Search - G.Love & Special Sauce :: Coast to Coast Motel

Coast to Coast Motel
G.Love & Special Sauce
Coast to Coast Motel
Genres: Alternative Rock, Pop, Rap & Hip-Hop, Rock
 
  •  Track Listings (12) - Disc #1

Modern-day bluesman G. Love, known to more skeptical ears as 23-year-old blue-eyed devil Garrett Dutton, shone briefly as hip-hop's great white hope when he released a debut record that paired blues-based playing with voca...  more »

      
   
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CD Details

All Artists: G.Love & Special Sauce
Title: Coast to Coast Motel
Members Wishing: 0
Total Copies: 1
Label: Sony
Original Release Date: 9/19/1995
Release Date: 9/19/1995
Genres: Alternative Rock, Pop, Rap & Hip-Hop, Rock
Styles: Indie & Lo-Fi, American Alternative, East Coast, Experimental Rap, Pop Rap, Blues Rock
Number of Discs: 1
SwapaCD Credits: 1
UPCs: 074646715222, 074646715246, 5099748097927, 074646715222

Synopsis

Amazon.com
Modern-day bluesman G. Love, known to more skeptical ears as 23-year-old blue-eyed devil Garrett Dutton, shone briefly as hip-hop's great white hope when he released a debut record that paired blues-based playing with vocals that approximated rap. Though he was initially grouped with acts like Beck and Soul Coughing--pale faces who flirted with hip-hop but stuck to rock esthetics--we know now that young Master Dutton has far less in common with those inventive postmodernists than he does with, say, Jamie Walters, the pretty-boy pop dullard of Beverly Hills 90210 fame. Coast to Coast Motel, the singer/guitarist's second shot with his bass and drums ensemble Special Sauce, does not even grant us the minor pleasures of his debut's "blues rap" novelty. This time, Mr. G focuses primarily on the R&B sounds of New Orleans, where the band recorded the album. That G. Love counts John Hammond Jr. an inspiration is telling: What Coast to Coast Motel offers is bratty suburban recreations of Hammond's competent but uninspired blueblood appropriations of classic blues music. New Special Sauce tunes like "Kiss & Tell" and "Bye Bye Baby" are absolutely fine but inauthentic and unnecessary given the breadth of great blues already available to motivated listeners. And any college-educated kid, like Garrett, who insists on singing with the slurred drawl of elderly sharecroppers needs to be slapped silly. --Roni Sarig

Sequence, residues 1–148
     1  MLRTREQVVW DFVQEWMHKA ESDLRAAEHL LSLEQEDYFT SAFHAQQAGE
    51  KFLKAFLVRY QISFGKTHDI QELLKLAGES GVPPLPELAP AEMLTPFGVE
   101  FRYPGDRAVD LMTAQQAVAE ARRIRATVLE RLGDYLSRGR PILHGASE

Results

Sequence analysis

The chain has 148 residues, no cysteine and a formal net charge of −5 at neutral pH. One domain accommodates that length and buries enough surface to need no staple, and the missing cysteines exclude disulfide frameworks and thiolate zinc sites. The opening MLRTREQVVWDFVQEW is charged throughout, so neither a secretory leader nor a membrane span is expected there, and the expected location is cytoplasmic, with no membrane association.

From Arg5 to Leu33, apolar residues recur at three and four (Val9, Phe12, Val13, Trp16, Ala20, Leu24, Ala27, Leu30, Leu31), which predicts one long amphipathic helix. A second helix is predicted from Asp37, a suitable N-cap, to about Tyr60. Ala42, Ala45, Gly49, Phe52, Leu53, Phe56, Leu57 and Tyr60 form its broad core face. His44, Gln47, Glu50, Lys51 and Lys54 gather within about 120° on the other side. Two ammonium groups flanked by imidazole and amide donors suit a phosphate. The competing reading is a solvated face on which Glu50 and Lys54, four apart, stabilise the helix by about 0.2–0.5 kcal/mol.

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CD Reviews

Just excellent music
Laurent Meillon | Denver, CO | 07/24/2002
(5 out of 5 stars)

"I can't believe this album got a negative review. Neither can I believe G. Love is getting negative press in other reviews...This is what this album has to offer: it's got its own unique, creative sound - as every G. Love album - and it will grow on you like pleasure. I've had this album for several years, and I still get so down into it every time I hear it.If you like artists from all walks of music because they create their own vein of music without fitting in an easy box ( e.g. B. Harper, Morcheeba, Sublime, M. Ndegeacelo, J. Buckley, GURU, Albert King, the Beatles and M. Davis), this will undoubtedly satisfy you. It took a few listening to grow on me, as I had other G. Love albums which sound a bit rawer. Discovering G. Love is one of those rare times when you think: damn, I found an incredible artist with a new sound. A sound that's not just new, but simply feels so good you can't quite believe it. Perhaps playing everyday since childhood and growing up in a musical environment helped, but this is someone with immense raw talent.The sound bites help, but are not sufficent to get a real feel for this sound. Hey G. Love, may you keep putting out this quality and variety for many years!"
Madness!
S. E. Barry | 08/01/2006
(4 out of 5 stars)

"Who the hell is Roni Sarig and what is his problem? G-love and Special Sauce are one of the few musical acts out there who don't pump out the same MTV garbage on a regualr basis."
More Folk Oriented, But Still Very Good
Blackberries | PA | 07/30/2003
(4 out of 5 stars)

"The droll humor and wistful breeziness flaunted on G's first release is transformed into a more subdued, folk-oriented follow up album. After first listen, I didn't think much of this release, but it grew on me in time. The singles Sweet Sugar Mama and Kiss and Tell are equally enticing, but other tracks like the optimistic Leaving the City, the dreary Sometimes, and the brilliant, big band foray of Bye Bye Baby are the best songs, making up the foundation of the record. Although it's quite disparate from the band's other releases, Coast to Coast Motel is nearly paramount in quality to G's other releases, and it will definately start to rub off on you after a few listens."